We Are the Champions Overkillers

Okay, now I’m really looking forward to reading Elizabeth Kolbert’s The Sixth Extinction. Review by Kathryn Schulz, in NYMag:

Environmental issues are not known for their entertainment value: Pollution is dreary, energy wonky, climate change depressing. Perversely, extinction, which should be the most existentially troubling, is something of an exception. That’s thanks almost entirely to the end-Cretaceous, whose outer space–meets–T. Rex plot could have been written by H. P. Lovecraft, or 10-year-old boys, or the folks who brought us Snakes on a Plane.

In print, at least, the New Yorker writer Elizabeth Kolbert shares none of those sensibilities. But in her new book, The Sixth Extinction, she makes a page-turner out of even the most sober and scientifically demanding aspects of extinction. Combining a lucid, steady, understated style with some enviable reporting adventures (chasing frogs in the Panamanian jungle, watching coral spawn in the Great Barrier Reef), she produces a book that is both serious-­minded and invites exclamation points into its margins. You will finish The Sixth Extinction knowing a lot about the history and ecology of mass die-offs. You will also know that the Bikini Atoll once went by the less wearable name of Eschscholtz; that certain frogs “survive the winter frozen solid, like popsicles”; and that, if you were a dinosaur in Canada when that asteroid hit the Yucatán, you had approximately two minutes to live.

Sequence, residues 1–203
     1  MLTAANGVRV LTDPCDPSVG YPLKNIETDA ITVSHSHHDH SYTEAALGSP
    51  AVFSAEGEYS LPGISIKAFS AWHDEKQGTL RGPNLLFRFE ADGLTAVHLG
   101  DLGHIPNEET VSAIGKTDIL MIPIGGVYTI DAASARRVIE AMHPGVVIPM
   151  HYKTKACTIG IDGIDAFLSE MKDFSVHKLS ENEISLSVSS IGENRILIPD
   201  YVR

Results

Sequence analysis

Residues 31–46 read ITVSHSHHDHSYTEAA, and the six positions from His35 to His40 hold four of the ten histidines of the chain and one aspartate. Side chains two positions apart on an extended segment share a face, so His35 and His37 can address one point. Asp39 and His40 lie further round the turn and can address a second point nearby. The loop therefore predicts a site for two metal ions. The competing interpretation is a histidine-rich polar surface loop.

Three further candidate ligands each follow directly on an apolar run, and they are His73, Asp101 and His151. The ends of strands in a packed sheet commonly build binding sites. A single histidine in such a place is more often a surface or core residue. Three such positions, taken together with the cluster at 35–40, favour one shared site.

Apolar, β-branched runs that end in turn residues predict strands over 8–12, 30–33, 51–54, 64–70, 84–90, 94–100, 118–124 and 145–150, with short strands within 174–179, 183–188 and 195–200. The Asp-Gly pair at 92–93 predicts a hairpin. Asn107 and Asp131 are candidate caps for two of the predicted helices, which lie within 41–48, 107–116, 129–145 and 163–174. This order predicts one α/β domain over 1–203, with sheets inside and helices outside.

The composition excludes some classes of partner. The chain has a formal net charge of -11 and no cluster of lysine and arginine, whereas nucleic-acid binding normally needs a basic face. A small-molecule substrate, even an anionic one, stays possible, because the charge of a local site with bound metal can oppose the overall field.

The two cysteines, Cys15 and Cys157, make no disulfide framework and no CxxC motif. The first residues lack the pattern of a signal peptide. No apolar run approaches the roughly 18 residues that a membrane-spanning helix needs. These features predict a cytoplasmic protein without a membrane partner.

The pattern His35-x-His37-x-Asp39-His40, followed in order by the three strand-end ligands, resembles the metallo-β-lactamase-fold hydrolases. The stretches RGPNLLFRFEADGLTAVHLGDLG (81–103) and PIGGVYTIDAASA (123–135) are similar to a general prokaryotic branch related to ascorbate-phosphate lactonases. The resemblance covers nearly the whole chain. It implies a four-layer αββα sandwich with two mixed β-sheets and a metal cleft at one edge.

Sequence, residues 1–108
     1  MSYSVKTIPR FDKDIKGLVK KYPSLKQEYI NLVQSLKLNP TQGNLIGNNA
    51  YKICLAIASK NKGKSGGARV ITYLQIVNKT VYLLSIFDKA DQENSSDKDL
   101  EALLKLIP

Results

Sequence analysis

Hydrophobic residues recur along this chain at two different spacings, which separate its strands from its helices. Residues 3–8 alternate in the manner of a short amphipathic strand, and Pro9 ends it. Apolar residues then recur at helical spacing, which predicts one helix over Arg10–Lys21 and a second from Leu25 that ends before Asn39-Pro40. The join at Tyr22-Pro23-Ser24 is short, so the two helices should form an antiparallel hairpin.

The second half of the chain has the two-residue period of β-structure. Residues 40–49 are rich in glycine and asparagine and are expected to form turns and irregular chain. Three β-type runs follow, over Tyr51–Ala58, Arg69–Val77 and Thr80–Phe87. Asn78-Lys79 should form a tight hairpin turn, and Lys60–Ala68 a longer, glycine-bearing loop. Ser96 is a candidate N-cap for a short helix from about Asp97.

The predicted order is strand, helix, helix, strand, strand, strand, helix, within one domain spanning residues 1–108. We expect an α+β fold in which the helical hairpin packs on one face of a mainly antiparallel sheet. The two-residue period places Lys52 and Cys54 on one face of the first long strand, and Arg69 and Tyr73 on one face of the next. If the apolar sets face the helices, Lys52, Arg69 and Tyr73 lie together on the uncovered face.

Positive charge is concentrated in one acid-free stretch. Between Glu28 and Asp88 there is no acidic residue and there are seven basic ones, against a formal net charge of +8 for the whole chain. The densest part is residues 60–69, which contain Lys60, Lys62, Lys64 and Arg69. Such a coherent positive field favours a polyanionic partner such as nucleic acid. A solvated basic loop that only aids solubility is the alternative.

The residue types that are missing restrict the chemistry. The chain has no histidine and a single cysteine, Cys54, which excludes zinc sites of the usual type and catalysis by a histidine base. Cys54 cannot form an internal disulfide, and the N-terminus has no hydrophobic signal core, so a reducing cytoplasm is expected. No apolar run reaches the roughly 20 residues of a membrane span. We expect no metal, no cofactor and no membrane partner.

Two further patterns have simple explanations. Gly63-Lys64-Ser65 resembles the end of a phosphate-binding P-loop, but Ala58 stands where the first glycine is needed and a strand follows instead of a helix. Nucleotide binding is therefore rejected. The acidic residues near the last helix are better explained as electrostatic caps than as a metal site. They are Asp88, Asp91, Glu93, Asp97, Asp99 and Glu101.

Those facts—not just the fun ones, the sum total—supply the substance but also the tenor of this book. For a work of what we might term mid-apocalyptic nonfiction, The Sixth Extinction is remarkably restrained. Unlike in her last book, Field Notes From a Catastrophe, Kolbert does not embroil herself here in the politics of environmental disaster. Instead, she exposes its ecological mechanisms, and, in what must be among the most studiously neutral sentences ever written, expresses the hope that readers “will come away with an appreciation of the truly extraordinary moment in which we live.” By which she means, of course, the truly extraordinary moment in which so much around us begins to die….

In the penultimate chapter of her book, Kolbert [examines] one particularly troubling extinction. The Neanderthals were extremely similar to us; less than 0.3 percent of our DNA diverges. But they did not venture into new terrain, they did not significantly alter the terrain they were already in, and they certainly did not make a bonsai project out of the tree of life. They had, in Kolbert’s words, “no more impact on their surroundings than any other large vertebrate.”

Meanwhile, we Homo sapiens traveled out of Africa en route to everywhere, encountered the Neanderthals in Europe, had sex with them, and, directly or through competition for resources, exterminated them. Some 30,000 years later, we rediscovered them, via their remains, in a cave in limestone cliffs in a valley in Germany. That cave no longer exists. Those cliffs no longer exist. We quarried the limestone, smelted it with coke and iron ore, and converted it to steel.

What species does this? Only ours. Somewhere along the line, thanks to some twist in that 0.3 percent of uniquely human DNA, we became the sort of creatures who could level cliffs and turn stone to steel; “the sort of creature,” Kolbert writes, “who could wipe out its nearest relative, then dig up its bones and reassemble its genome.”…